For Those Who Need Science Before Faith – a poem by Lanette Sweeney


1.     Field Study

I once had a childish theory all souls were connected
by invisible wires that could be stretched but never snapped.

The closer two people, the thicker the strand I suspected
ran between them–like phone cables able to grow and adapt.

When I grew up and had children, my theory was subjected
to field study as their braided cables twined and overlapped

with mine, then each other’s. Their spirits arrived unaffected
by doubt; they gazed at me with unfounded trust, utterly rapt.

My theory now seemed fact. My exposed soul spilled unprotected
into theirs. Our shared joints soldered closed; our fused pipelines were mapped.

2.     Microchimerism

Turns out there are scientific names for my long-suspected
concepts: Microchimerism posits fetal cells are apt 

to switch sides–so an embryo’s unique cells are injected
into its mother, while hers spin the skin in which baby’s wrapped.

Older siblings’ cells linger in the mom, then are projected
into future children–which means my son’s particles stayed trapped

in me and his sister, even after he disconnected.
His DNA lives on in us, though his lifeline has been snapped.

Our swapped cells may explain why, when my children were dejected,
their pain overwhelmed me; my face caught fire if theirs was slapped. 

3.     Quantum entanglement

In quantum physics, entanglement theory is accepted
proof that some bonds can never be severed. If a photon’s zapped

in two, its split bits act as one no matter where detected
(though they hide this parlor trick if a photo lens is uncapped).  

My son’s first deity fell when I proved human; he’d expected
my perfection, found cracks in all my walls. Angry, he unwrapped

and trashed his greatest gifts: brilliance, faith, love, hope. Disaffected,
he died praying to believe. We fell down with him, thunder-clapped

by grief, our spirits pulsing toward his dead end, misdirected
into doubting we had souls—or else how could he have relapsed?

4.     Post-Traumatic Growth

Long before he learned quantum theories, my son respected
God; he believed without thinking. Cynicism handicapped

him, led his sister to mimic his scorn–’til unexpected
loss tore our shells clean off, left us shivering, terrified, sapped

enough for the hardest lesson: grief comes to reconnect us.
Each tragedy tears off a veil. Spiritually, we’d napped

through our lives, unhumbled. The skepticism we’d erected
was unwinding our frayed strands. Then Post-Traumatic Growth remapped

our wires, pushed us back toward Love. My son’s cord is inflected,
not cut. I must trust our pipes still flow, our connection left intact.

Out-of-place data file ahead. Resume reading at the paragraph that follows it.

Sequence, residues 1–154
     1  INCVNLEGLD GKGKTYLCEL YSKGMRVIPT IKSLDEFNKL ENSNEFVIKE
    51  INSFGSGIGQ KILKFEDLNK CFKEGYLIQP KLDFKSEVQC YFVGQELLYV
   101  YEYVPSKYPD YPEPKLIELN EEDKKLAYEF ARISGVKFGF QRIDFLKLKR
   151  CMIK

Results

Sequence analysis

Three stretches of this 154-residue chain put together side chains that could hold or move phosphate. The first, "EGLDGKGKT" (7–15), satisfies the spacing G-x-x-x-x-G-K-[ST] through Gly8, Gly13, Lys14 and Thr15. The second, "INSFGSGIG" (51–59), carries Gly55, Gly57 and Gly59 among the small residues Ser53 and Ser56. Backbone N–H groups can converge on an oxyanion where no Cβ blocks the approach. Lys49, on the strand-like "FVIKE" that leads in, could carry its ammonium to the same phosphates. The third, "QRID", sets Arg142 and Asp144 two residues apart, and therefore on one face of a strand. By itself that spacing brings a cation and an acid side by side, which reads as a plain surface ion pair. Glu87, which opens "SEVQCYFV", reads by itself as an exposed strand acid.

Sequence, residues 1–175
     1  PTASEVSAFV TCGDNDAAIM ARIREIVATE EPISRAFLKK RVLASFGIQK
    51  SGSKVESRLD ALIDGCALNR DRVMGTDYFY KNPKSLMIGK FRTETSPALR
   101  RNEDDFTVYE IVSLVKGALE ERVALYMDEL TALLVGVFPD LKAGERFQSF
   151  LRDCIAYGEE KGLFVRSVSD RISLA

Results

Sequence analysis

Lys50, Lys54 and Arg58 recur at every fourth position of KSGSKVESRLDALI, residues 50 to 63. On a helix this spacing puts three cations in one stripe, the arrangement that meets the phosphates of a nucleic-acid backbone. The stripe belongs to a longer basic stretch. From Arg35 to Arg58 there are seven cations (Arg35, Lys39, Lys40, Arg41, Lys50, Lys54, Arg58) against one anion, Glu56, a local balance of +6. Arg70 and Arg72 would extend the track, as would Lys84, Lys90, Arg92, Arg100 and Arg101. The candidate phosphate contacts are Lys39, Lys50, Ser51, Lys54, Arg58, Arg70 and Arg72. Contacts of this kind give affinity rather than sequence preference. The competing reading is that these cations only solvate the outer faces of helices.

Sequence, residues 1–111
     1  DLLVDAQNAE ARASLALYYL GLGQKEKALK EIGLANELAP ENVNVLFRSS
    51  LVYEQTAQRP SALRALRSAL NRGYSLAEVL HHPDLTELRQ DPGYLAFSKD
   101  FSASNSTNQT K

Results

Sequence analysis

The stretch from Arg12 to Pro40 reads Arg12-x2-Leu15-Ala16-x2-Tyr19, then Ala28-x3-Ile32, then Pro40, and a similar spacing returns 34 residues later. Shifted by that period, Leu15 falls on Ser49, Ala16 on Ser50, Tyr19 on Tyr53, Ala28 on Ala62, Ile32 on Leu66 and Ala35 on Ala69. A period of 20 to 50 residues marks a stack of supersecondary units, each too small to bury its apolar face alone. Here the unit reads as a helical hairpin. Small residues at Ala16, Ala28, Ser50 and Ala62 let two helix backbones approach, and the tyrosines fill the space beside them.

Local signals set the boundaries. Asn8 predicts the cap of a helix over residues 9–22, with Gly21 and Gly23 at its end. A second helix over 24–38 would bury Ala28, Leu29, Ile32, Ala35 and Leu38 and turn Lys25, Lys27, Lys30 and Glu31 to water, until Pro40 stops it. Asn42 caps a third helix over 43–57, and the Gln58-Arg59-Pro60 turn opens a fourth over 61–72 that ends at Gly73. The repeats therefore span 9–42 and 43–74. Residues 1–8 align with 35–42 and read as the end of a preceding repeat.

Lanette Sweeney has worked as a waitress, reporter, editor, mother, fund-raiser, and teacher of English and Women’s Studies; she is now a full-time writer thanks to her wife’s support. Her first book, forthcoming in mid 2021 from Finishing Line Pressis a poetry collection about her son’s addiction and overdose death: What I Should Have Said. She has published her short stories, essays, and poetry in newspapers, journals, and anthologies, including the popular textbook Women: Images and Reality. She and her wife live in South Hadley, MA.

Editor’s note: Lanette has submitted the following poem by her son to be read alongside her own poem:

A Poem for his sister, Jamie, then 22,
by Kyle Fisher-Hertz, age 24

Pipelines emanating from our respective centers
allow now to be entered collectively.
Seven billion perspectives become one 
where the pipelines meet,
our thoughts circulating like blood
pumped by a universal heartbeat.

And in this web of pipes, infinitely tangled
you and I, of course, were angled
side-by-side, adjacently connected
so close that pieces of our souls 
are shared through direct injection,
our pipes flowing and our love growing,
becoming ourselves together,

So when toxic tar like a starless night sky 
began to clog my pipeline,
nothing had a shot of getting through
except for you.
The chatter of the universe was muted.
I was a numb appendage, cut-off circulation
at risk of amputation.

And so you pleaded through the pinhole 
of connectedness that remained
for me to unplug the gunk, recirculate myself,
and love myself like you love me.


  1. Very moving and utterly original – thanks.

    Liked by 1 person

  2. Cindy Bousquet Harris says:

    Heartbreaking, and so beautiful—both your poem and your son’s.

    Liked by 1 person

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